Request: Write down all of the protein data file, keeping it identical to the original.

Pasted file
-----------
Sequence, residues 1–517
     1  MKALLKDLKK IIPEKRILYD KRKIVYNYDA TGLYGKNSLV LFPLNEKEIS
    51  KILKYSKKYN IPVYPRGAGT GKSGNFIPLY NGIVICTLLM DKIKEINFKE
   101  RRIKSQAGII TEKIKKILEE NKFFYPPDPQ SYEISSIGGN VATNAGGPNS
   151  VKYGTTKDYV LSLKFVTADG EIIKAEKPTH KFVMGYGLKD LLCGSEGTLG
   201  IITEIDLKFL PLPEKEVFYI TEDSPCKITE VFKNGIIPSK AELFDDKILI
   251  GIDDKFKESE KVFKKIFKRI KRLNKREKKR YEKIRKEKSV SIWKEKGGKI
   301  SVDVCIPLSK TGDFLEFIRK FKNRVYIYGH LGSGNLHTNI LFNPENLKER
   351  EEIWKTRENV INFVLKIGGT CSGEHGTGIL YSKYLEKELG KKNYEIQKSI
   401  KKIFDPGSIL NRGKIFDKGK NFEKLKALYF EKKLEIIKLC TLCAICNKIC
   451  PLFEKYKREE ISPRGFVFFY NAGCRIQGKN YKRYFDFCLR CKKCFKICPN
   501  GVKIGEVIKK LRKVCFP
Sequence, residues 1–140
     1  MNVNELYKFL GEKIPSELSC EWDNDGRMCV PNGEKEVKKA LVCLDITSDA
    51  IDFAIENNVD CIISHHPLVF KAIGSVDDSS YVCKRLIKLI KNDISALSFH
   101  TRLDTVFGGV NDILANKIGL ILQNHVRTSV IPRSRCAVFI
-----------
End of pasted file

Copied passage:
Sequence, residues 1–517
     1  MKALLKDLKK IIPEKRILYD KRKIVYNYDA TGLYGKNSLV LFPLNEKEIS
    51  KILKYSKKYN IPVYPRGAGT GKSGNFIPLY NGIVICTLLM DKIKEINFKE
   101  RRIKSQAGII TEKIKKILEE NKFFYPPDPQ SYEISSIGGN VATNAGGPNS
   151  VKYGTTKDYV LSLKFVTADG EIIKAEKPTH KFVMGYGLKD LLCGSEGTLG
   201  IITEIDLKFL PLPEKEVFYI TEDSPCKITE VFKNGIIPSK AELFDDKILI
   251  GIDDKFKESE KVFKKIFKRI KRLNKREKKR YEKIRKEKSV SIWKEKGGKI
   301  SVDVCIPLSK TGDFLEFIRK FKNRVYIYGH LGSGNLHTNI LFNPENLKER
   351  EEIWKTRENV INFVLKIGGT CSGEHGTGIL YSKYLEKELG KKNYEIQKSI
   401  KKIFDPGSIL NRGKIFDKGK NFEKLKALYF EKKLEIIKLC TLCAICNKIC
   451  PLFEKYKREE ISPRGFVFFY NAGCRIQGKN YKRYFDFCLR CKKCFKICPN
   501  GVKIGEVIKK LRKVCFP
Sequence, residues 1–140
     1  MNVNELYKFL GEKIPSELSC EWDNDGRMCV PNGEKEVKKA LVCLDITSDA
    51  IDFAIENNVD CIISHHPLVF KAIGSVDDSS YVCKRLIKLI KNDISALSFH
   101  TRLDTVFGGV NDILANKIGL ILQNHVRTSV IPRSRCAVFI